Being a writer doesn’t mean you write everything, and being an editor doesn’t mean you edit everything. There are going to be certain aspects an editor is more fluid and capable in than others. If you want to edit movies you aren’t going to introduce yourself as a music video editor. It’s important for an editor to know what their strengths and interests are and play to that. Even if you do pick up jobs outside your specialization.
05. HANDLE CREATIVE CONVERSATIONS
A challenges of being an professional editor is being good at talking to people.
No matter what partnership you’re working with, whether it’s a editor, director, editor, producer, or editor client, there’s always going to be a different viewpoint on things. You have to be one willing to pick your battles: to know when something’s really important and when to back off and say, “Okay, I might be the editor here, but you are the director, you’re the producer, you’re the final say.”
And that can be really difficult when you feel strongly about something! Things can get heated at times when people are creative and passionate, but that’s the creative life. So you need to know how to talk to people in order to make these negotiations and keep these relationships. Relationships and networking, are the biggest part of being a professional editor.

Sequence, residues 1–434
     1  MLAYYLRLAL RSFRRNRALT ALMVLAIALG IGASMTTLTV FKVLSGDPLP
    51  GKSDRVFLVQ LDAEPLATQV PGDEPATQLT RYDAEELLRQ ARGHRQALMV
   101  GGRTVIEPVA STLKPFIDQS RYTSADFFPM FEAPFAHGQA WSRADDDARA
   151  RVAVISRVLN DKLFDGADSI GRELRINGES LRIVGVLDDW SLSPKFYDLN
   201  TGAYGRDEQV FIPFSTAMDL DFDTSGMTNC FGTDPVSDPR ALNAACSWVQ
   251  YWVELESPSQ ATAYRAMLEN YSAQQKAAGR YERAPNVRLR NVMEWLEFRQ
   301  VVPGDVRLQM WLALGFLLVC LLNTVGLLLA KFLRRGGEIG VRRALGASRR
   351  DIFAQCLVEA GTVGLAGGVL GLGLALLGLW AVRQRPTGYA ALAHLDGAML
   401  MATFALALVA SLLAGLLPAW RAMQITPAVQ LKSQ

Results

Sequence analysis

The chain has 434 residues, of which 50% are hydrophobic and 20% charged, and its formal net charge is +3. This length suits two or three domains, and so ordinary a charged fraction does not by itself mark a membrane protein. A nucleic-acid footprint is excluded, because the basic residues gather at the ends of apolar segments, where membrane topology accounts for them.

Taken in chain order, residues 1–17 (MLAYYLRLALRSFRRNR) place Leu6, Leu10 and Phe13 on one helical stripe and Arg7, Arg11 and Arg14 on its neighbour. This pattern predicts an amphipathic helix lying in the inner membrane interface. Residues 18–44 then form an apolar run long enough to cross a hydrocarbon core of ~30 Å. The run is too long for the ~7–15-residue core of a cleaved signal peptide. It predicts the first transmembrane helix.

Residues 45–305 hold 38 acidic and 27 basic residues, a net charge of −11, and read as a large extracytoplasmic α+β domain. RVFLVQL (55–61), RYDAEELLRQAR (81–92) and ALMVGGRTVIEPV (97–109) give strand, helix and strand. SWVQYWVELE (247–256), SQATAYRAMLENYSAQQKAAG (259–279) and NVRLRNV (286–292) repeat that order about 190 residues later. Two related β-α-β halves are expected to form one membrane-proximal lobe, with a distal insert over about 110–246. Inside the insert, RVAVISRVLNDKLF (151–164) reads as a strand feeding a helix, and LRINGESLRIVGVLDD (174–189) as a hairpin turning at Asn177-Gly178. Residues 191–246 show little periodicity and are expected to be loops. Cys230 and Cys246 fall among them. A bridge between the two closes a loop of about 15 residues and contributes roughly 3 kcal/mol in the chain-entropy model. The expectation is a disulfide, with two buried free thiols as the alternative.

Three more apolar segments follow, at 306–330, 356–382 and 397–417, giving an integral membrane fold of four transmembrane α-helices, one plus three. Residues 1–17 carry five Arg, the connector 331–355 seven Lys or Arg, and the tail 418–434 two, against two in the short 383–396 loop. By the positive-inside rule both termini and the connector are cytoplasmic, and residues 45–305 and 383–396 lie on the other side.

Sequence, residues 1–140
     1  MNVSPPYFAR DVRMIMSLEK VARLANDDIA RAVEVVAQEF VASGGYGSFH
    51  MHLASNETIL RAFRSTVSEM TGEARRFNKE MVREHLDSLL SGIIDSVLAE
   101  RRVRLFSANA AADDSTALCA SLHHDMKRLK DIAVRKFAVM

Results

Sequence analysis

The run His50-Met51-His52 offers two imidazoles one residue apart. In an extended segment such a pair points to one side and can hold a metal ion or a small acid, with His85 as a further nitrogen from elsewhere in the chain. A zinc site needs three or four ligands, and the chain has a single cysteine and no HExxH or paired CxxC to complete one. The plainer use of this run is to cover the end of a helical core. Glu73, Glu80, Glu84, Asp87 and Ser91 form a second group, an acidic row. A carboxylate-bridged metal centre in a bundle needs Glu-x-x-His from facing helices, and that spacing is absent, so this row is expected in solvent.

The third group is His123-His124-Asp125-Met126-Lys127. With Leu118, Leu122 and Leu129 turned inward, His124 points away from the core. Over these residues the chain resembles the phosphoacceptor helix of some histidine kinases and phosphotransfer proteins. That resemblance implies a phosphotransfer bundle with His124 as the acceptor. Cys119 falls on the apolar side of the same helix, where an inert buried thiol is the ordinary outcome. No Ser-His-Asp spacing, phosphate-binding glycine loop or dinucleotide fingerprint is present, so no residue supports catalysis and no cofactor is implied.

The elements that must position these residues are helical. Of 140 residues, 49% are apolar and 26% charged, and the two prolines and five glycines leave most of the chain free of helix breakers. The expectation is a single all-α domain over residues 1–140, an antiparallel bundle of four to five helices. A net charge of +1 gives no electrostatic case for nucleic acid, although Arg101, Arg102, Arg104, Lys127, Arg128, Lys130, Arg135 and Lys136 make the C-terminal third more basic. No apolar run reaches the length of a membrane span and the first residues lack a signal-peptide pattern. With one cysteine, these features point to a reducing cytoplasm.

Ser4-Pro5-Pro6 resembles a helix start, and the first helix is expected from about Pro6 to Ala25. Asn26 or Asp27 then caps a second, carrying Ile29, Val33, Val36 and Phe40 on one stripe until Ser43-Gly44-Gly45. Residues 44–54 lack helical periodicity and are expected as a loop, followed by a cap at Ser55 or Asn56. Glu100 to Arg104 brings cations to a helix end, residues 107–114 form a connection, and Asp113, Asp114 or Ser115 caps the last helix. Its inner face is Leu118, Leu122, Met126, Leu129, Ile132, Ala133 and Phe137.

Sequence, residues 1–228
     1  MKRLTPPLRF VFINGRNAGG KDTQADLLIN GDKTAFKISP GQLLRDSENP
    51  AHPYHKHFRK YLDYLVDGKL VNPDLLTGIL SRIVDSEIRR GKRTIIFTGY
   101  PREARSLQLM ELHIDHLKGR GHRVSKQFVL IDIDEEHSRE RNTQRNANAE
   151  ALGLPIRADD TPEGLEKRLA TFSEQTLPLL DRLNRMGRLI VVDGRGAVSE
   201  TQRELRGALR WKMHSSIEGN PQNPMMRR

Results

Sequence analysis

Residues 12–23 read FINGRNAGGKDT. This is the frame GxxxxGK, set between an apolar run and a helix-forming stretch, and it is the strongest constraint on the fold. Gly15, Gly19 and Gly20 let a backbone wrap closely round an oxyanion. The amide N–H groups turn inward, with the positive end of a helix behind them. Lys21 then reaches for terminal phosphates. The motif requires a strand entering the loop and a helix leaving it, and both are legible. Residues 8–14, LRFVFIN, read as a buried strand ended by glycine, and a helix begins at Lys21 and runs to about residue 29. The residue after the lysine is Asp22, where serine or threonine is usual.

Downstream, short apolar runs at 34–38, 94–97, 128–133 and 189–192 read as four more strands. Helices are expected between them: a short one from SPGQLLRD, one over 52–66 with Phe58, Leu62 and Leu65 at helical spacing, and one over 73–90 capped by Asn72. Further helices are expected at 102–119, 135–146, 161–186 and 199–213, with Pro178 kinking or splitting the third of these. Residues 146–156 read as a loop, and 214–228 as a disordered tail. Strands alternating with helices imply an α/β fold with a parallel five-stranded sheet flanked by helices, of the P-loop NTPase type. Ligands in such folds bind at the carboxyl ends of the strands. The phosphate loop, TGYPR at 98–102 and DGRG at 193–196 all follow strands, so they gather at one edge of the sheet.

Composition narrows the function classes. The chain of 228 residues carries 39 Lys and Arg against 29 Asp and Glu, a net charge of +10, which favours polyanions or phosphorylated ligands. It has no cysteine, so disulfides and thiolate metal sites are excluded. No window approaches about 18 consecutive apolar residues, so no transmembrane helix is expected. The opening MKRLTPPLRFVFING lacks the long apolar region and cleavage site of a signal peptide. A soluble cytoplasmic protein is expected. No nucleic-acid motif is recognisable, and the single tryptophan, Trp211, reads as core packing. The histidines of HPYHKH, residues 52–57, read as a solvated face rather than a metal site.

(It also helps to have experience in, or at least understand, the rest of the production pipeline so you know where everyone else is coming from.)
06. KNOW WHEN TO TAKE A BREAK
Klassen’s best professional advice is to learn when to walk away for a break. It’s so easy to sit in front of the computer for 15 hours trying to figure out what’s not working in a scene. Sometimes the best thing you can do is just walk away. Take a walk outside and get some fresh air, then come back with a new perspective the next day.
“Editing is a sedentary life. You sit a lot and you don’t get a lot of exercise sitting in front of a computer. So make sure you stand up and get your blood moving.”
Video editing is an incredibly subjective medium. While good editing has its fundamentals, it comes with much more possibility and room for creativity and intuition. It’s hard to parse at a glance just what “good video editing” is. Online video content displays diverse editing styles that are both prominent and invisible. This diversity points to the very truth of video and film editing: it’s not a tool, it’s an art form.